Cameras outside the space station captured dramatic views of major Hurricane Matthew as the orbital complex flew 250 miles above (speed x4). pic.twitter.com/nfAQuw2OQC
— Intl. Space Station (@Space_Station) October 3, 2016
A total eclipse of the Moon happens before or during dawn Saturday morning for the western half of North America; the farther west you are the better. It happens during Saturday evening for Australia and the Far East. This eclipse is barely total and for only about 12 minutes, from about 11:54 to 12:06 April 4th UT (GMT). Partial eclipse begins at 10:15 UT and ends at 13:45 UT. For maps and more, see the April Sky & Telescope, page 50, or the version online: Preview of April 4th’s Total Lunar Eclipse.
Can’t see it from where you are? Griffith Observatory in Los Angeles will run a live webcast from 11:00 p.m. to 3:30 a.m. Eastern Daylight Time (4:00 to 7:30 April 4th UT).
On Friday evening for North America, the full Moon shines in Virgo with Spica well to its lower left, as shown here. Much closer to the Moon is fainter Gamma Virginis (Porrima), a close telescopic double star.
Look above Venus at nightfall for the Pleiades star cluster, the size of your fingertip at arm’s length. It’s 8° above Venus this evening. It will pass Venus by less than 3° on April 10th through 12th.
The coming of April always finds Orion in the southwest at dusk, leaning over with his three-star belt almost horizontal (depending on your time and latitude). The belt points left toward bright Sirius, and to the right toward Aldebaran and, farther on, the Pleiades.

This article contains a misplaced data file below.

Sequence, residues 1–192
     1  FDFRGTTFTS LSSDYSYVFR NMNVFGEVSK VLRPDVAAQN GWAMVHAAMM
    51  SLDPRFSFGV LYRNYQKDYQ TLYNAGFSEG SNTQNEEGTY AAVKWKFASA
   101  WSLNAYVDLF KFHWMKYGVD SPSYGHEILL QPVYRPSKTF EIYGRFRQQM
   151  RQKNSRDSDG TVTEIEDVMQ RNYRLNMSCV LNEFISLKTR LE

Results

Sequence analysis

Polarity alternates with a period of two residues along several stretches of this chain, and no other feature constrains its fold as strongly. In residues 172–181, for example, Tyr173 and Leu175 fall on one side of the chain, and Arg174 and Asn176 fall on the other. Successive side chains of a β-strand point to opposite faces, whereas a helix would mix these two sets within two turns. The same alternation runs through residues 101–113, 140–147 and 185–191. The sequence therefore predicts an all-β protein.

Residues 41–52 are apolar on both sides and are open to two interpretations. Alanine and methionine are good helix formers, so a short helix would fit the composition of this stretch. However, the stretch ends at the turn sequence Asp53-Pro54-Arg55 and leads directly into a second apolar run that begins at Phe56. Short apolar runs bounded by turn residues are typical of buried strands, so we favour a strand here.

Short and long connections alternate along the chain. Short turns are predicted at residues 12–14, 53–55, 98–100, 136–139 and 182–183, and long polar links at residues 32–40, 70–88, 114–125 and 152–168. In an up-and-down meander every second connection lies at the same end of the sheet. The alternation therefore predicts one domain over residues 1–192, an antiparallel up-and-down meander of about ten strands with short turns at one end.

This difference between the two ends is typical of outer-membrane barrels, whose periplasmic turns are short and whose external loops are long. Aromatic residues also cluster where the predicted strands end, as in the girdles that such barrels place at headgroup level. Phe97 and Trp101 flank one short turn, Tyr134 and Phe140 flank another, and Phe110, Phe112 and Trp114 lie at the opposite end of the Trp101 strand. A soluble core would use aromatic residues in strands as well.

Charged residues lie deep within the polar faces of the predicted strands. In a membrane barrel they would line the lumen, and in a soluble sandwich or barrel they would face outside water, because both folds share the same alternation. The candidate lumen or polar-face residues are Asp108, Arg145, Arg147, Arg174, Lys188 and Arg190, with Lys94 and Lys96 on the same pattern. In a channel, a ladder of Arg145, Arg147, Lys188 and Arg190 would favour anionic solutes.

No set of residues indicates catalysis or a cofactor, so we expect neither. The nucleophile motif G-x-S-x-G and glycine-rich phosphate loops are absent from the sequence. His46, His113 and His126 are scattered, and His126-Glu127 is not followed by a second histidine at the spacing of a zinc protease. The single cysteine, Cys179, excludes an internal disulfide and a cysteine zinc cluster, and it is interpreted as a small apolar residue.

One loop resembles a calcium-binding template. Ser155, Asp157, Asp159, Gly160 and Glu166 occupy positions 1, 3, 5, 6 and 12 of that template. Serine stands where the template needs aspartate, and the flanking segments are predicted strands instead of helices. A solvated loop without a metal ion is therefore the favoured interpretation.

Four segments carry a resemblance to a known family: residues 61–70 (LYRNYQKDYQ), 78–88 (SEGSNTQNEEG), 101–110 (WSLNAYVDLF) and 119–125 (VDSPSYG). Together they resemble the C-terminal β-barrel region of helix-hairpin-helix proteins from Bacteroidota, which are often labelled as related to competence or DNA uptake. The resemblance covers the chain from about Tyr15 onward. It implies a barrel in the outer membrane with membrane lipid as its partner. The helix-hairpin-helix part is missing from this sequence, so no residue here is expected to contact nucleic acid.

The waxing gibbous Moon shines beneath Regulus and the Sickle of Leo early this evening, as shown at right. Farther upper right of the Moon shines bright Jupiter. By late evening, the sky rotates to place Jupiter to the Moon’s right.
The shadow of Callisto slowly crosses Jupiter’s face tonight from 11:14 p.m. to 3:57 a.m. EDT.
Watch Jupiter’s satellite Europa emerge out of eclipse from Jupiter’s shadow around 11:01 p.m. Eastern Daylight Time. With a telescope, watch for it to gradually glimmer into view a little off Jupiter’s celestial eastern (following) limb.
Tonight the Moon and Jupiter cross the sky together. Although they look fairly near each other, looks in astronomy are deceiving. Jupiter is almost 1,800 times farther away than the Moon, and it’s 40 times larger in diameter.
Now the Moon has moved inside the triangle of Jupiter, Pollux, and Procyon.
This evening the Moon forms a big kite shape with bright Jupiter far to its left, Pollux to the Moon’s upper left, and Procyon to its lower left